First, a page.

While going through the surgery for the catheter, I was researching treatment options online. A friend of mine sent me a link for a page that advertised on his Facebook page. It was for the Mesothelioma Applied Research Foundation (Meso Foundation). I went to the Facebook page and the website. A couple of days later, I contacted the Foundation’s expert staff, who appeared to know a lot about mesothelioma; little did I know that my life would be changed forever after that.
After sharing my history, the Foundation recommended I see Dr. Hedy Kindler at the University of Chicago. They even helped me set up an appointment with her. On September 11, 2013, my mom and I made our first trip to Chicago. The University of Chicago was very different than little Oshkosh, WI. However, I really liked Dr. Kindler and it was amazing to meet someone who was an expert regarding mesothelioma. She quickly set up appointments for a CT scan, detailed lab work, and to meet with her gastroenterological surgeon, Dr. Eugene Choi. I also met with her thoracic surgeon at the time, Dr. Wicki Vigneswaran.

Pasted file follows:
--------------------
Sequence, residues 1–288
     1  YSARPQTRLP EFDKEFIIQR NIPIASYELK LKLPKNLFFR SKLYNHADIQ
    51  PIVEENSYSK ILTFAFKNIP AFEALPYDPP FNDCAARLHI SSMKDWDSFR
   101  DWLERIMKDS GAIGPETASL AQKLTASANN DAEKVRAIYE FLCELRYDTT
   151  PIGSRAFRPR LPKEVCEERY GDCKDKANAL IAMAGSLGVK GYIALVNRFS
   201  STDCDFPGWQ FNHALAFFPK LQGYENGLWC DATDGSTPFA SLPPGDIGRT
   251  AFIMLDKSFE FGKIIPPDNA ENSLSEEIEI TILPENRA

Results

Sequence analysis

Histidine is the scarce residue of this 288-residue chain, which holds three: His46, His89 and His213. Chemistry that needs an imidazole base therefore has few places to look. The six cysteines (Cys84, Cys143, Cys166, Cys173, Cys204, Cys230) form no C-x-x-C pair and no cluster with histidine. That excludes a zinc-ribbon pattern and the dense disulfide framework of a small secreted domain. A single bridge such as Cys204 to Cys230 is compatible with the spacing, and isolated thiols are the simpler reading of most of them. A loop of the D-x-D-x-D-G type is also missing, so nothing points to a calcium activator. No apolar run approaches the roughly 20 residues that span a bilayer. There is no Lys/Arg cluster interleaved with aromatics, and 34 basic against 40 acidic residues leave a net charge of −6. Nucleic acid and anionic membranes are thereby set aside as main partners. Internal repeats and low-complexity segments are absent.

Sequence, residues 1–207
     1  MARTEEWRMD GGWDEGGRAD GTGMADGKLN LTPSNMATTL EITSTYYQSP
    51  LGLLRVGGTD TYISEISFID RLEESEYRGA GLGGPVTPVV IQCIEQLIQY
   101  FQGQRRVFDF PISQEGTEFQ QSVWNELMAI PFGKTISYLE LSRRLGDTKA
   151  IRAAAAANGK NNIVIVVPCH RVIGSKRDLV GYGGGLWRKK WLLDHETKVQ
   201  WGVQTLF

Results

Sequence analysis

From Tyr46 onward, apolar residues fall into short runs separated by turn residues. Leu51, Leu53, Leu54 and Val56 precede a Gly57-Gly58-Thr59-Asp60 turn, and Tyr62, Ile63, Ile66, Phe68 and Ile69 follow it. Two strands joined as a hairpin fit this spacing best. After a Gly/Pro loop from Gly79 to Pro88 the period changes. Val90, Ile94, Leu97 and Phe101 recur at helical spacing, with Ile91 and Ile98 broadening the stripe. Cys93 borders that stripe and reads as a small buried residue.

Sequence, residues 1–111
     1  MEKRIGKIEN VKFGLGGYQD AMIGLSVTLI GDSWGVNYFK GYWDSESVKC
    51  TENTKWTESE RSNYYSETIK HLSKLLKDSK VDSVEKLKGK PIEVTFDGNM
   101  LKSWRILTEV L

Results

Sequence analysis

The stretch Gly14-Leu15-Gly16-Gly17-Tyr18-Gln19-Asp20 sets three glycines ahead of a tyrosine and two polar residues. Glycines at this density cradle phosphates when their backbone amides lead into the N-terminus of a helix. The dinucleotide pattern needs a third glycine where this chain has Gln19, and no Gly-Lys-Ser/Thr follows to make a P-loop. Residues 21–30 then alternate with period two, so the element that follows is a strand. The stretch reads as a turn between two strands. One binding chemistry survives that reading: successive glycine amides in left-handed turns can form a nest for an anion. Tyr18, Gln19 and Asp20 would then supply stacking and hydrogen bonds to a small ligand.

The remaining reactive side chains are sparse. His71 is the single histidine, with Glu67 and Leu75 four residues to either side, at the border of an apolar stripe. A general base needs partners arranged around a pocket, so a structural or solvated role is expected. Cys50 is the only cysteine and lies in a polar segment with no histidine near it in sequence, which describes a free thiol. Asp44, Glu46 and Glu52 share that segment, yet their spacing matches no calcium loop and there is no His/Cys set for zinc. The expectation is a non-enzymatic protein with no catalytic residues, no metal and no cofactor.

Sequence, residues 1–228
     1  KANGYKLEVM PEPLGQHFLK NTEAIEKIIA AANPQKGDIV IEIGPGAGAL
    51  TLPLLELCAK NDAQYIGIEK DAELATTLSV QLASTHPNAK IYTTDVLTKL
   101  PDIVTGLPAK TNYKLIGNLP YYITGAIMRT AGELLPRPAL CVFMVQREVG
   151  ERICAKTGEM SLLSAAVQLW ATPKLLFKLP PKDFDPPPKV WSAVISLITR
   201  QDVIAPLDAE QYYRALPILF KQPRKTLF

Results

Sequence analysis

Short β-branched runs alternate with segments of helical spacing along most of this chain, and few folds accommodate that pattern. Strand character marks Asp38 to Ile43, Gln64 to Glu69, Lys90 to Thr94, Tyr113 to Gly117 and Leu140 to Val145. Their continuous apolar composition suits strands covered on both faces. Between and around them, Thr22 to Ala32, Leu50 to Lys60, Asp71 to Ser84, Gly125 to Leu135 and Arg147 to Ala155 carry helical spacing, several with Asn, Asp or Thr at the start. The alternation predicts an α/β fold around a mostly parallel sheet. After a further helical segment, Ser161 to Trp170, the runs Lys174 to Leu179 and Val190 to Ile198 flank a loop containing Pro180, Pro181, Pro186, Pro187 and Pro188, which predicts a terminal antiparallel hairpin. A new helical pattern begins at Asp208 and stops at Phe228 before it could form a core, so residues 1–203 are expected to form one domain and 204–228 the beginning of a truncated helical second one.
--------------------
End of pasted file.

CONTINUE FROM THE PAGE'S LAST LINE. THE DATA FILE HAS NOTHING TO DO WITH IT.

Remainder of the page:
After Drs. Kindler and Choi reviewed my CT scans, they decided I should undergo a cytoreduction and heated intraperitoneal chemotherapy (HIPEC) surgery. It would be a major surgery, but research had shown that it was very effective at stopping the progression of peritoneal mesothelioma. In January of 2014, I had the surgery in which any visible cancer was removed, I had a complete hysterectomy, an appendectomy, and a bowel resection, along with the heated chemo in my abdomen. I won’t lie and say recovery was easy. It was very difficult. I was in the hospital for ten days and it took at least three months before I was close to my normal self.